Eight years later, the Harlem riot of 1943 began after James Collins, a white police officer, shot and wounder an African-American soldier named Robert Bandy. The Harlem riot was one of six race-related riots in 1943, which included the Zoot Suit Riots in Los Angeles. Many protests, including this one, were fueled by segregation of black troops and workforce discrimination. While at the Braddock Hotel, a white policeman tried to arrest an African-American woman named Marjorie Polite for disorderly conflict, and soon after Polite became confrontational with Collins. After Polite checked in and was dissatisfied with her room, she protested and was asked to leave by Collins, yet Bandy hit the officer. Collins then shot Bandy, who was incorrectly believed to be dead, which resulted in a major riot resulting in six deaths and around 600 arrests.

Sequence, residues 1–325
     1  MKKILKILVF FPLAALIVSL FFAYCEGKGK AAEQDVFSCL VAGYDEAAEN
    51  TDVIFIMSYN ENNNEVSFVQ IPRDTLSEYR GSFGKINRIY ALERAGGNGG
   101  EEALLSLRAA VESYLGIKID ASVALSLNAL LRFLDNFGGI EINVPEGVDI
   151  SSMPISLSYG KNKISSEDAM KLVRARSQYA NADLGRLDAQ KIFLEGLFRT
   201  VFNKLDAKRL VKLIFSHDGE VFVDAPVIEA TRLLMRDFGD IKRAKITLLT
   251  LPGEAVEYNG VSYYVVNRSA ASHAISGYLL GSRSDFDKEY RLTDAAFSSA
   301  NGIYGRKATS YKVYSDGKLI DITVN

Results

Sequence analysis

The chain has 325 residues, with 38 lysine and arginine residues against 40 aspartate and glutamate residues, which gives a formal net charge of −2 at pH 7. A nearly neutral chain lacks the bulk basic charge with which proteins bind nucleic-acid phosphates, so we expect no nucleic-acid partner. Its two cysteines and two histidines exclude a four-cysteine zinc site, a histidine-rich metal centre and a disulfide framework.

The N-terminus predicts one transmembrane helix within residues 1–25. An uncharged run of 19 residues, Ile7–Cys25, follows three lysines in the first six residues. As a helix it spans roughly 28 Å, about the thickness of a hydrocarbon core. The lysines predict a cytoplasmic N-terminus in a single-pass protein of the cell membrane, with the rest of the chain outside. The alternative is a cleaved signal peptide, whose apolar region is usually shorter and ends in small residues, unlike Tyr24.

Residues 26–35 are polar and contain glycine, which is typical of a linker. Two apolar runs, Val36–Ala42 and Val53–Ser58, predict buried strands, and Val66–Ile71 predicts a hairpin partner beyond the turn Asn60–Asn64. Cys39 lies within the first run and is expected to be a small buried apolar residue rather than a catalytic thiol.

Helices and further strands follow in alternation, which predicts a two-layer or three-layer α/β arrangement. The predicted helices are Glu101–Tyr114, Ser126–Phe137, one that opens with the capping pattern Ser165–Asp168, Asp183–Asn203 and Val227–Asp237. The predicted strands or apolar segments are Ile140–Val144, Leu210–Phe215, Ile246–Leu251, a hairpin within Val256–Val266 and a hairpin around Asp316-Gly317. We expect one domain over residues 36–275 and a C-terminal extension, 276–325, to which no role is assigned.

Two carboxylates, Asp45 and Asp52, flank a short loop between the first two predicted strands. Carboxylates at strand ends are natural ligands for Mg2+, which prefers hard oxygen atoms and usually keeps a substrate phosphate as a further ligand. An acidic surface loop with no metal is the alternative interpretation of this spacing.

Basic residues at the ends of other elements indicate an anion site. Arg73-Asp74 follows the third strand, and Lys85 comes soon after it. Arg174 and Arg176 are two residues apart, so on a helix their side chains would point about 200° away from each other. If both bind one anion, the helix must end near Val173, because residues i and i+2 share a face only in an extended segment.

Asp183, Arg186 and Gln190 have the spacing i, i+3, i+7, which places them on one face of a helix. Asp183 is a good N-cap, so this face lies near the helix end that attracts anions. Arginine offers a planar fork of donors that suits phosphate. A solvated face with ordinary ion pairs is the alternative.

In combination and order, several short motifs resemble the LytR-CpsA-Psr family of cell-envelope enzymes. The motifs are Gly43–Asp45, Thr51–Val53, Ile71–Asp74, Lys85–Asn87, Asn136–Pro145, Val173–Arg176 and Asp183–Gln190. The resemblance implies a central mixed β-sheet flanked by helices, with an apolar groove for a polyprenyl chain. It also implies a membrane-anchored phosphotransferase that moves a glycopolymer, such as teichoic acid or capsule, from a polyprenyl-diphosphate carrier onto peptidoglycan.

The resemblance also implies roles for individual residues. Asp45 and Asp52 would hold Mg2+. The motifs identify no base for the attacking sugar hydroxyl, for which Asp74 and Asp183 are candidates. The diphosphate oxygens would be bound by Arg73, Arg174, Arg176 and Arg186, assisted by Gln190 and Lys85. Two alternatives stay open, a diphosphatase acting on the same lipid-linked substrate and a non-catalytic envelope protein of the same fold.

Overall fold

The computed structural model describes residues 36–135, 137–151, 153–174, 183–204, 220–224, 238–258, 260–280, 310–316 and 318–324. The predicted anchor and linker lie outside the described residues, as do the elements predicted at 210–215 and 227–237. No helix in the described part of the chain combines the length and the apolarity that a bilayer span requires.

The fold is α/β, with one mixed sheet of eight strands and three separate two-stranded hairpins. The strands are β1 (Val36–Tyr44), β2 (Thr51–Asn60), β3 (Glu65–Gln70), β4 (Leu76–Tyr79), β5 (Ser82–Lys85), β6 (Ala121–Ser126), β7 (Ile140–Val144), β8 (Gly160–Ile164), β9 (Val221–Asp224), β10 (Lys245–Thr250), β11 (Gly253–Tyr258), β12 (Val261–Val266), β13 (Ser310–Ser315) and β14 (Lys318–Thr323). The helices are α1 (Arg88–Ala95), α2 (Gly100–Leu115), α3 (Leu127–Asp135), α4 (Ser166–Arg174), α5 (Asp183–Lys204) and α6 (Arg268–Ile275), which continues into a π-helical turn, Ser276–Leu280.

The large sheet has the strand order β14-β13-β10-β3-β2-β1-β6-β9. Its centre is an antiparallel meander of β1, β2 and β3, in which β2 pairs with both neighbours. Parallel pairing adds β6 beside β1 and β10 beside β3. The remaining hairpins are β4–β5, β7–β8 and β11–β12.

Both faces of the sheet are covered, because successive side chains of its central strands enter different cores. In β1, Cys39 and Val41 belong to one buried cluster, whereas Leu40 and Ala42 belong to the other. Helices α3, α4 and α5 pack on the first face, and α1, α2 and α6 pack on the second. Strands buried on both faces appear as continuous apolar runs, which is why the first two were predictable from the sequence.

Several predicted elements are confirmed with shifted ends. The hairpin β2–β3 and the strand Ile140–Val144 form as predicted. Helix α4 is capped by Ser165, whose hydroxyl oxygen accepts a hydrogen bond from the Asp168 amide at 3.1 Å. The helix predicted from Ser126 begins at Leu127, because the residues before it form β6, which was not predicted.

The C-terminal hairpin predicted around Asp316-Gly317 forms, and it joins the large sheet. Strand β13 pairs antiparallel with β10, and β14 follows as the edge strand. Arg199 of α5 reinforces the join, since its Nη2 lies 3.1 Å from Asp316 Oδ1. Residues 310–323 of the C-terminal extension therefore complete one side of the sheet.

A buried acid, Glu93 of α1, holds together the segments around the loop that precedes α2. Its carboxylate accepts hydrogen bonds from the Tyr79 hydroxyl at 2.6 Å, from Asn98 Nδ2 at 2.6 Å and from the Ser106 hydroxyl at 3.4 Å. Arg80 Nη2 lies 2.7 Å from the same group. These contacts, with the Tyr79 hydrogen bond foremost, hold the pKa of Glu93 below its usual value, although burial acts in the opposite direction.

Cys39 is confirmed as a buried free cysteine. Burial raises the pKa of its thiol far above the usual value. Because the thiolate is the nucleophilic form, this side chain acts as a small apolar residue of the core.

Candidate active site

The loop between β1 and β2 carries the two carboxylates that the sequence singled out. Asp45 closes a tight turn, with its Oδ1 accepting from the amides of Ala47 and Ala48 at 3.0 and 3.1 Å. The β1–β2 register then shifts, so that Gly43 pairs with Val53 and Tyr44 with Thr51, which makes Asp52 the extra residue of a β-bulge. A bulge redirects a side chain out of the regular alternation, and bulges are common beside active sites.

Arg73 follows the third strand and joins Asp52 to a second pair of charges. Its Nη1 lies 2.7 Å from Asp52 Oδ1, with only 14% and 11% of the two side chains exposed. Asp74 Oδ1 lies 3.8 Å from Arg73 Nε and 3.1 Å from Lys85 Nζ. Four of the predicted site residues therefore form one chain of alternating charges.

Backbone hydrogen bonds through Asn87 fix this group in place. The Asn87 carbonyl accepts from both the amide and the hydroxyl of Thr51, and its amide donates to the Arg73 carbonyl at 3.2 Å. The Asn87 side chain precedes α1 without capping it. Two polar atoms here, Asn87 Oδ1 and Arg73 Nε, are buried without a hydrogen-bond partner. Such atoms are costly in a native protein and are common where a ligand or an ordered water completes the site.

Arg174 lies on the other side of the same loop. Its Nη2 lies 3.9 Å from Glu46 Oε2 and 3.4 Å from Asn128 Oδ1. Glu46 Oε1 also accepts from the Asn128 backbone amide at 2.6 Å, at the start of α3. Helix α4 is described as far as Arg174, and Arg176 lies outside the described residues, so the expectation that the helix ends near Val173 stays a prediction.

In 1964, another Harlem riot broke out after police Lieutenant Thomas Gilligan killed a 15-year-old African American named James Powell. A superintendent in Yorkville named Patrick Lynch hosed down a group of black students, who responded by throwing bottles at Lynch. Once Powell got involved in pursuing Lynch, Gilligan shot Powell three times. Approximately 300 students joined in protest against Gilligan, and for the next six nights, around 4,000 New Yorkers participated in riots. The Congress of Racial Equality led a number of rallies in Harlem and Bedford-Stuyvesant, yet protests soon became violent as one rioter died and at least 118 were injured.